Erica Van Horn is on the road in By Bus
Erica Van Horn
Ugly Duckling Press
Erica Van Horn’s By Bus is a meditation on wheels, one that explores the joy, the adventure, the sadness, and the marvel that journeys by public transportation can reveal, the bus a catalyst for human energy. Community happens spontaneously, travelers on public transportation make connections and brief friendships, or empathetic connections while going from one place to the next, and Van Horn’s chapbook of creative non-fiction becomes the vehicle for sharing these stories in all their intersections.
Ireland is a country small with a vibrant bus infrastructure, and Van Horn captures the whimsy, the cruel, the awful, and the obsessions as people of all kinds mingle, each a kind of microcosm of Ireland, and certainly a microcosm of the middle class. The collection opens with “Sharing a Seat”, about a woman who “spoke in a loud and constant ramble to the man next to her.” It’s an apt opening story, it reveals humanity’s eccentricities manifesting in socially awkward exchanges. In "Sharing a Seat", the seatmate speaks in sentences that “had no full stops and she never paused for a breath.” The woman insists that she can “Tell the Weather” before she then curtly snaps at her seatmate “Why would I tell you anyway? It’s not like I know you”. The strange interaction frames the energy of Van Horn's prose.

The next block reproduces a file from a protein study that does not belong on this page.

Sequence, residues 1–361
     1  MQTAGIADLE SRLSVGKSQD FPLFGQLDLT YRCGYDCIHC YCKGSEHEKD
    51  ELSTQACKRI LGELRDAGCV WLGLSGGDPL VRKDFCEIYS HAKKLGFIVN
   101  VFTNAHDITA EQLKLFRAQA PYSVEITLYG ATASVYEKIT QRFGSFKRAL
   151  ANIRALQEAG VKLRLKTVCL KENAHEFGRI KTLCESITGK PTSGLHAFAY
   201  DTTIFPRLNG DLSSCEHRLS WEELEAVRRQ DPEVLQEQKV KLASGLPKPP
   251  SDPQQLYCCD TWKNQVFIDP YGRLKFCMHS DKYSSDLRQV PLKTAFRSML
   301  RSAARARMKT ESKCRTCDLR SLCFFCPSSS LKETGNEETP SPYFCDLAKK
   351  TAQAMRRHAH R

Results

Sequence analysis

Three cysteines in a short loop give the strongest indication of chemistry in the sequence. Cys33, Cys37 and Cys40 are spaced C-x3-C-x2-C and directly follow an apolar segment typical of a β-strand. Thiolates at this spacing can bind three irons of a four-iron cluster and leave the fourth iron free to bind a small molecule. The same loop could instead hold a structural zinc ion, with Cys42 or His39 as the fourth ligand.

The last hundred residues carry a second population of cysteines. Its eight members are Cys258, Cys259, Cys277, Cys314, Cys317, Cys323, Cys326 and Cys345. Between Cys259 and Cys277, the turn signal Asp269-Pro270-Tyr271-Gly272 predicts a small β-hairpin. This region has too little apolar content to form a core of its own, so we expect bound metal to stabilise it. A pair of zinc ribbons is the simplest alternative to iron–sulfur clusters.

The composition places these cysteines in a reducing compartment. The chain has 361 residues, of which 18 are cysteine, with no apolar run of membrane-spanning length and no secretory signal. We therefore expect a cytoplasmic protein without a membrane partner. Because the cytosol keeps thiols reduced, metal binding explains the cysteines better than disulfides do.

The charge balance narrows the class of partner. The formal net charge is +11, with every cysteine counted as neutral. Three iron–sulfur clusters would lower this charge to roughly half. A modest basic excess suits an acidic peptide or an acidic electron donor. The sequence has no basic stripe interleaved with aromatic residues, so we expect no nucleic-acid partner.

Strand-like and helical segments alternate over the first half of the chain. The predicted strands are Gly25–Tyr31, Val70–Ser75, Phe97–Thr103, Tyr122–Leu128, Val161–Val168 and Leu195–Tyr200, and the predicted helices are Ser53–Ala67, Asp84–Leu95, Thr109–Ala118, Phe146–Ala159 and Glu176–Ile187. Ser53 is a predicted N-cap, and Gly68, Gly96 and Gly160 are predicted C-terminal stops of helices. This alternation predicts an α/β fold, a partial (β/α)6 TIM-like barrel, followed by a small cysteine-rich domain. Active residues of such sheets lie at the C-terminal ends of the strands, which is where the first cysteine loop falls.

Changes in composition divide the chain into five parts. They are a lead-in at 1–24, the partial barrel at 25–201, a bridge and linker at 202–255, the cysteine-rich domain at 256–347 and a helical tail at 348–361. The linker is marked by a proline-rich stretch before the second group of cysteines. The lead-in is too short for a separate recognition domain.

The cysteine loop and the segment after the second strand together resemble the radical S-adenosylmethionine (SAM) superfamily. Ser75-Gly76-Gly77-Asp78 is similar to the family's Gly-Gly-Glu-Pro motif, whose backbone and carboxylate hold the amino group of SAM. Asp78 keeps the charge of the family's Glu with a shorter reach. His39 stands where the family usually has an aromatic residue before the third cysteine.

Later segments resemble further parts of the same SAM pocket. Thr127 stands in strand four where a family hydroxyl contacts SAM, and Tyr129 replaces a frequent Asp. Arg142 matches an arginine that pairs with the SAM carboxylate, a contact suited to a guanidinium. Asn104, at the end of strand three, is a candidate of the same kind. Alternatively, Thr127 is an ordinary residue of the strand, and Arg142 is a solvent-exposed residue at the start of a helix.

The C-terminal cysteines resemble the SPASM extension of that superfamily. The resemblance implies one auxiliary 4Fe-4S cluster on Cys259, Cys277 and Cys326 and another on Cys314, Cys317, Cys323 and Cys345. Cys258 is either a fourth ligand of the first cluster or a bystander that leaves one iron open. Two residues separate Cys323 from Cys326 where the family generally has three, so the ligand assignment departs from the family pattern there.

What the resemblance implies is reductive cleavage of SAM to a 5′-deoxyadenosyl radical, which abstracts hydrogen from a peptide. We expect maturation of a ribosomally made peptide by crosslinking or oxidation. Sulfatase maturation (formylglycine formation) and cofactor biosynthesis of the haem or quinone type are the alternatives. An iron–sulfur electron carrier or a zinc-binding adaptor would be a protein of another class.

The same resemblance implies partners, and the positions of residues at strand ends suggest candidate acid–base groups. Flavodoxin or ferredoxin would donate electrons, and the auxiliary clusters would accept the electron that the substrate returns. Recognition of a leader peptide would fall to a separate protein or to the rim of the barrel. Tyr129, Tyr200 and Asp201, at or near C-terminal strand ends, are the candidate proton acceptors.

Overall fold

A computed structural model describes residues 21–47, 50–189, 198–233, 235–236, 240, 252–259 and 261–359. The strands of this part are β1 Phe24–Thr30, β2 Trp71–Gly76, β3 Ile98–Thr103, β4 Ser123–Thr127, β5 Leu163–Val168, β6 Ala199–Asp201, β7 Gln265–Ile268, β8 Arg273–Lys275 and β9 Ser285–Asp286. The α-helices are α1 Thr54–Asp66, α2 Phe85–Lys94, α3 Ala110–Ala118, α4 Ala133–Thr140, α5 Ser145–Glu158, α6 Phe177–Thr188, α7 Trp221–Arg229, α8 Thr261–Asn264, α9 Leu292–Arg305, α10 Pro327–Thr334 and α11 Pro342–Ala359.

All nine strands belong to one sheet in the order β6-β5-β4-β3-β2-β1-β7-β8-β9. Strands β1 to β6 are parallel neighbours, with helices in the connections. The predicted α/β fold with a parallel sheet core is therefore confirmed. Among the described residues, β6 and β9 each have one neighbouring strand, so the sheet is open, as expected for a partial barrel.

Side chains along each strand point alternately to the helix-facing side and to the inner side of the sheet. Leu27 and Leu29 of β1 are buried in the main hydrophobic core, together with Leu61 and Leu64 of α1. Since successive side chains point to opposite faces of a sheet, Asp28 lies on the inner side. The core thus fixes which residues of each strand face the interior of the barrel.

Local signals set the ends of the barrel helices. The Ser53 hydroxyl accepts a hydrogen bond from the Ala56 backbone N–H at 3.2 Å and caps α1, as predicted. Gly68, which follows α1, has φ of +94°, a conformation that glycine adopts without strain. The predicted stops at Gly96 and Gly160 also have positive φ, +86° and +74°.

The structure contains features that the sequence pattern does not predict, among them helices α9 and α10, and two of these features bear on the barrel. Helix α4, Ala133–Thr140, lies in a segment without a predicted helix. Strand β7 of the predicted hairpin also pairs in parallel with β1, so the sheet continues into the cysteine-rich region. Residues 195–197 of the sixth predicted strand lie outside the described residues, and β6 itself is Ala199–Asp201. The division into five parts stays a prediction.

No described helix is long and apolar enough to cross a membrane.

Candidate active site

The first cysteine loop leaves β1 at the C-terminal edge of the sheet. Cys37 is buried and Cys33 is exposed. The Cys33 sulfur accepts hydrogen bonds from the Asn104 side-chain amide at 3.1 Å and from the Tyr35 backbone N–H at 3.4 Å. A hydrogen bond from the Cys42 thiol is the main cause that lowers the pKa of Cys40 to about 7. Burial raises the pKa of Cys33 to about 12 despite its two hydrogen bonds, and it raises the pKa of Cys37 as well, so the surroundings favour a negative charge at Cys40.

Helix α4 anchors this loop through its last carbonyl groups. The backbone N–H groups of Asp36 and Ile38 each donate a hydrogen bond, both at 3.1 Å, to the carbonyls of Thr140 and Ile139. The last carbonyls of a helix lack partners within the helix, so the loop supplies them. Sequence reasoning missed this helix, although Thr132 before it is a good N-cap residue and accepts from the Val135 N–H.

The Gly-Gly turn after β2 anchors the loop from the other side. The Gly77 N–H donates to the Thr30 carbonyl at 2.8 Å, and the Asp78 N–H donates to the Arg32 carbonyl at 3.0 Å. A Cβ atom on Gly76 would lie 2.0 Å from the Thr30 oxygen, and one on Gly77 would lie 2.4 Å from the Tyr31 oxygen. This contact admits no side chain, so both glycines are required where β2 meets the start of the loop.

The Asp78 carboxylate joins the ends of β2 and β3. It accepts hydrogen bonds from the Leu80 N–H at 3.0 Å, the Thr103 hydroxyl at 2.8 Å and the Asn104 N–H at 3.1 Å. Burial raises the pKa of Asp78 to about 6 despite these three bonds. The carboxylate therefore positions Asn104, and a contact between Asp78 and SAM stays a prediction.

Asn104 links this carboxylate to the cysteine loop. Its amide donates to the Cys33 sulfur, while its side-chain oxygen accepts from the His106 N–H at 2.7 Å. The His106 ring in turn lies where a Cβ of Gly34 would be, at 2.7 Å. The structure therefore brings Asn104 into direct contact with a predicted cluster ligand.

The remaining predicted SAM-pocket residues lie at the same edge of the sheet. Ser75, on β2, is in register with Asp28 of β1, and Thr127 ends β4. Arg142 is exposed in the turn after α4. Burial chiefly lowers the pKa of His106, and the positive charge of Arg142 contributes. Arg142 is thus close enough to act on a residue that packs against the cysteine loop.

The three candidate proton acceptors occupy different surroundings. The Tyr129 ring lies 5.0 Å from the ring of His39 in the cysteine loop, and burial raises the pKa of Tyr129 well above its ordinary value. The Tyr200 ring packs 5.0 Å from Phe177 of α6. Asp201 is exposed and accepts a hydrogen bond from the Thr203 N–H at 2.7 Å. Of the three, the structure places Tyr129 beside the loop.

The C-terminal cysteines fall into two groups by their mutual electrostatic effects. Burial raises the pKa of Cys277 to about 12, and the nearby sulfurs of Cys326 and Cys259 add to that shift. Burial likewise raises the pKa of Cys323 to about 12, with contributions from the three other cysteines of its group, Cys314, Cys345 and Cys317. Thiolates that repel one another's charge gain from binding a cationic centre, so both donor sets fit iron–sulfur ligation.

Throughout By Bus, Van Horn interacts with people in small crises, bosses angry over a miscommunication, persistent skin irritations, often surfacing as the seatmate or passengers speak loudly into their cell phones. Sometimes Van Dorn is amused by the interactions, a kind of low-grade absurdism unfolds through By Bus, often created because the speaker is listening in on someone’s life for which she has no context, and as a traveler, and as a writer, and as as a human being, Van Dorn creates and constructs, making meaning from only hearing half the phone call, or only hearing part of the story as it unfolds as bus ride continues.
That’s where By Bus draws its power, its voice constructs context for life that spills out into the public. Humanity is messy, imperfect, and doesn’t fit into boxes or categories. The author is both conspirator, imagining what other people's lives are like, as well as a passive participant of the action as life unfolds on trips back and forth across Ireland.
Stephen Scott Whitaker (@SScottWhitaker) is a member of the National Book Critics Circle and the co-editor of The Broadkill Review. A teaching artist with the Virginia Commission for the Arts, an educator, and a grant writer, Whitaker’s poems have appeared in Fourteen Hills, The Shore, Crab Creek Review, & The Citron Review, and other journals. Mulch, a novel of weird fiction is forthcoming from Montag Press in 2021.